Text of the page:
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Lecture Notes 9

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Queensland University of Technology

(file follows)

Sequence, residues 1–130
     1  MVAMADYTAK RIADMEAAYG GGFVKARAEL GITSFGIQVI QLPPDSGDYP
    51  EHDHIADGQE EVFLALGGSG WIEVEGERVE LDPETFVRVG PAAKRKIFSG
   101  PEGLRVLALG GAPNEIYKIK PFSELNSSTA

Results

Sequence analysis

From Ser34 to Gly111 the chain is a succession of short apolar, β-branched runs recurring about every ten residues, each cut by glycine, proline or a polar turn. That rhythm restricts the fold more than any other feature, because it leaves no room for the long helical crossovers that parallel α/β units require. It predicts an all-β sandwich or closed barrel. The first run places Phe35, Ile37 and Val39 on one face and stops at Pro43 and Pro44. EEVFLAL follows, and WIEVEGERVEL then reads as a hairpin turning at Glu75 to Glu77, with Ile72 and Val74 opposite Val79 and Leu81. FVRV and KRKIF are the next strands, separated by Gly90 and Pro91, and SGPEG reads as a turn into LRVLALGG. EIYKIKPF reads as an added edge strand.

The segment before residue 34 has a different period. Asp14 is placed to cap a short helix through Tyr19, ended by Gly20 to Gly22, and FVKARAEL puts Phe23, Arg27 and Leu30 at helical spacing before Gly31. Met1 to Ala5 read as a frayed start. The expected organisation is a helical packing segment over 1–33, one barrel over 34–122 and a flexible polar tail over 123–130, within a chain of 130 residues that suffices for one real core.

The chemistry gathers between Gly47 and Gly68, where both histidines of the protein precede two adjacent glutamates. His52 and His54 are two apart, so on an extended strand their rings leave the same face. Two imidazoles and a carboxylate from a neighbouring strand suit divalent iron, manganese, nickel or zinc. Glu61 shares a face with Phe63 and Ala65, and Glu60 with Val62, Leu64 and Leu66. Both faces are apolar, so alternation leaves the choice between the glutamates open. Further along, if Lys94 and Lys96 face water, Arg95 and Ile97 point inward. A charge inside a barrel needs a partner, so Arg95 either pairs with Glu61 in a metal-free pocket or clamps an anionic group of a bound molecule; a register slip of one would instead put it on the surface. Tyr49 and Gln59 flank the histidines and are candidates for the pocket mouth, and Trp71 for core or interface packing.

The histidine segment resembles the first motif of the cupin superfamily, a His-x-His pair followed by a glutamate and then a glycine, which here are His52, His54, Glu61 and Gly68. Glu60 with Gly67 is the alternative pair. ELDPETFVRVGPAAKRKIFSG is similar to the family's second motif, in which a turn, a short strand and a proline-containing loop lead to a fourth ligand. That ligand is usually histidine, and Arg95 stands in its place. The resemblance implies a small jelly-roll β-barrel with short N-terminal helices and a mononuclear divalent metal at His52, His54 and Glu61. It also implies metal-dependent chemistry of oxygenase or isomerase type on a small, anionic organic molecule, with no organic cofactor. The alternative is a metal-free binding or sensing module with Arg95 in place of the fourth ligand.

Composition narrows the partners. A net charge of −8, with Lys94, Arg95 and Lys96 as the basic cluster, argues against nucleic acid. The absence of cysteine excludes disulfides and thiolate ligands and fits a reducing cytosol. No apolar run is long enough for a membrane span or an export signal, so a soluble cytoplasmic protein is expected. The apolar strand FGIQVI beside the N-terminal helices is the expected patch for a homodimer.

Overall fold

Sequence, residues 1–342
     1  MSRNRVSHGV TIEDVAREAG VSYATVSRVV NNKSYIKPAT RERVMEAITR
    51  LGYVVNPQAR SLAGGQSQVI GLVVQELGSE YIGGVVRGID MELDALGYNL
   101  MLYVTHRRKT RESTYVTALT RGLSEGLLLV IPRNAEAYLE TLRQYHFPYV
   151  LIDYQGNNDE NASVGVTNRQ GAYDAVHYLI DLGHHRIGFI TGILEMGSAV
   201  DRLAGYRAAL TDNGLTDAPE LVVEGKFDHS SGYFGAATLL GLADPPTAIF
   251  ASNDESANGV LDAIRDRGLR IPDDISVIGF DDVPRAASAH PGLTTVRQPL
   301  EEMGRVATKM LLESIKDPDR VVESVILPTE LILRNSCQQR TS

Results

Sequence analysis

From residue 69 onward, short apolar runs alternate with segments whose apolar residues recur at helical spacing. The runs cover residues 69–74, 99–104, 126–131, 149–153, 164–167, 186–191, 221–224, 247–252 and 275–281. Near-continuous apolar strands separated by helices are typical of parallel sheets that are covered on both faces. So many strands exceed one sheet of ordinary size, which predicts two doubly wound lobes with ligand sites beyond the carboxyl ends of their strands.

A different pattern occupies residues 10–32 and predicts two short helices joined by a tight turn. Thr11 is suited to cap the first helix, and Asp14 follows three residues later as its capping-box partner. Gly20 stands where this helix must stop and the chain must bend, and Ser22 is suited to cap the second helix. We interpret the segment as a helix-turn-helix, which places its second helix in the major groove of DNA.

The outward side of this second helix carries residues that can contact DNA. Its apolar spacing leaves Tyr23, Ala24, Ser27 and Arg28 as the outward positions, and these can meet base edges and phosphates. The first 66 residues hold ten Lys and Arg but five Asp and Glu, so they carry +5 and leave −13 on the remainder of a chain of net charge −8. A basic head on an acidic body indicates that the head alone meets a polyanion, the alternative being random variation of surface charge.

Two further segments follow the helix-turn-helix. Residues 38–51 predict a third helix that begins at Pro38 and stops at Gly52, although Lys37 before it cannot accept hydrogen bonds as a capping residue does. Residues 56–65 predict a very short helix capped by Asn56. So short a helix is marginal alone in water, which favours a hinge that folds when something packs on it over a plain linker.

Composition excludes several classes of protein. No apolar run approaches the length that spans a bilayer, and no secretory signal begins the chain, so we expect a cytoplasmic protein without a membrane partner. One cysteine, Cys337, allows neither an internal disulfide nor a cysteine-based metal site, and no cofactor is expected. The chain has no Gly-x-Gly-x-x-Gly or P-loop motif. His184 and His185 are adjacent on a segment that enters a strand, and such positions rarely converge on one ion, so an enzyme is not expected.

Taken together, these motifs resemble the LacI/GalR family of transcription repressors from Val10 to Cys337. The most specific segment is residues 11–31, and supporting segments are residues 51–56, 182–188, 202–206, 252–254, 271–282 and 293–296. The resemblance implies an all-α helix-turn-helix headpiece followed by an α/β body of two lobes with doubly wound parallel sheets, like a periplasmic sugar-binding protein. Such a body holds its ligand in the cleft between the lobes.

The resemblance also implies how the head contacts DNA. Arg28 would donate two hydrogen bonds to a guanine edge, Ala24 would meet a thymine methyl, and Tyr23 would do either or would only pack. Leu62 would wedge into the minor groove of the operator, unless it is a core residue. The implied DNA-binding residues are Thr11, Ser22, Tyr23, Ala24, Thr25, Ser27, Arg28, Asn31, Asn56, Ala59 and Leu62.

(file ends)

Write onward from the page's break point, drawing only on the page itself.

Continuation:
AYB321 – STRATEGIC MANAGEMENT ACCOUNTING Lecture 9: Activity-Based Cost Systems and Activity-Based Management Why ABC?  Accuracy in overhead application has become much more important.  Direct labour replaced by indirect labour. There is no longer a need to focus on improving labour.  ABC presents a different approach to overhead allocation using Activity-Based Cost Drivers as opposed to Volume-Based Cost Drivers  Manufacturing Costs o Direct Labour (DL): traced directly to the product o Direct Materials (DM): traced directly to the product o Overheads (OH): allocated to the product  Not economy to link directly to the product  Gone from a small cost allocated on the basis of a large, representative cost to a large cost allocated on the basis of a small, unrepresentative cost: o Results in:  Inaccurate costing to products; and  (Potentially) poor decisions:  TSC vs ABC: o TCS: Overhead costs allocated to products using simple formulas (e.g. % of direct labour, DLH, MH). o The ABC approach measures the costs of objects by:  Analyzing the costs of activities; and  Where activity drives costs  Using causal cost drivers to assign activity costs to the products, services or customers that benefit from these activities. Benefits of ABC  Strategic benefits: improved information for pricing, make-versus-buy, product mix, outsourcing, and other strategic decisions.  Operational benefits: improved insight into the economics of production and the root causes or drivers of costs. Why are ABC Systems more Accurate?  TCS over-cost simple, high-volume products, and under-cost complex, low-volume products, because…  TCS use volume-based cost drivers (e.g., DLH). o ABC uses causal cost drivers  As a result, using TCS:  Cost of push mowers will be overstated  Cost of ride-on mowers will be understated  If the costs reported by the TCS in decision-making (e.g., pricing, product mix, make versus buy, outsourcing, and other strategic decisions), then expensive errors can be made. How do ABC systems work?  ABC involves the following steps: 1. Identify key activities; 2. Estimate the cost of each activity; 3. Determine what drives those costs (identify the “cost drivers”); 4. Calculate unit costs; 5. Allocate to products.  Traditional costing system assumes overhead cost is proportional to the physical volume of product produced.  Under ABC the cost allocated to the ride-on mower is much higher due to the complexity of the product: o many different raw materials and purchased parts; and o Production runs are relatively short.  That is: o PD#1 (push mowers): Long runs of standard products will make relatively few demands on the materials handling department. o PD#2 (ride-on mowers): many short runs of customised products, containing a large number of unique components, will make quite heavy demands on the materials handling department resources.  The direct labour resource driver fails to distinguish the large variation in demands for materials handling resources from the two quite different production departments. Selecting Activity Cost Drivers ABC Hierarchy of Activity Costs Product Level Unit Level Batch Level Facility Level  Unit-level costs are incurred each time a unit is produced. o Examples:  Direct materials  Depreciation on factory machinery  Some indirect materials (glue and  Energy costs for factory machinery nails)  Repairs and maintenance of factory  Direct labour machinery  Example Cost Drivers: o Machining – machine hours, labour hours or number of units produced o Maintenance of machines – machine hours  Batch level costs are incurred each time a batch of goods is produced. o Examples:  Salaries related to purchasing and  Quality control costs receiving  Depreciation of setup equipment  Salaries related to moving material  Salaries related to setup  Example Cost Drivers: o Purchasing – number of purchase orders or number of parts o Receiving – amount of material or number of receipts o Machine setups – number of setups o Customer orders – number of orders, customers  Product-level costs are incurred as needed to support the production of each different type of product. o Examples:  Salaries of engineers  Product development costs  Depreciation of engineering (testing) equipment  Quality control costs  Example Cost Drivers: o Product Testing – number of change orders, number of tests, hours of testing time o Supervision – number of supervision hours  Facility-level costs simply sustain a facility’s general manufacturing process. o Examples: o Depreciation or rent of a factory building o Insurance, taxes, etc. o Salary of a plant manager o Training  Example Cost Drivers: o Plant Occupancy – square footage, number of employees, labour hours, machine hours  Activity Cost Drivers provide the linkage between activities and cost objects, such as products, services and customers. Selecting Activity Cost Drivers  In selecting activity cost drivers there is a subjective trade-off between accuracy and the costs of measurement.  Three levels: o Transaction drivers  No. times an activity is performed.  E.g., no. of set-ups, no. of receipts.  Least expensive cost driver but could be the least accurate. o Duration drivers  Amount of time required to perform an activity.  Used when significant time variation.  E.g., Simple products may only require 10-15 minutes to set up, whereas complex high-precision products may require 6 hours.  Duration drivers are more accurate but more expensive. o Intensity drivers  Used when duration drivers may not be accurate.  E.g., A particularly complex product may require special set-up, quality control, special test
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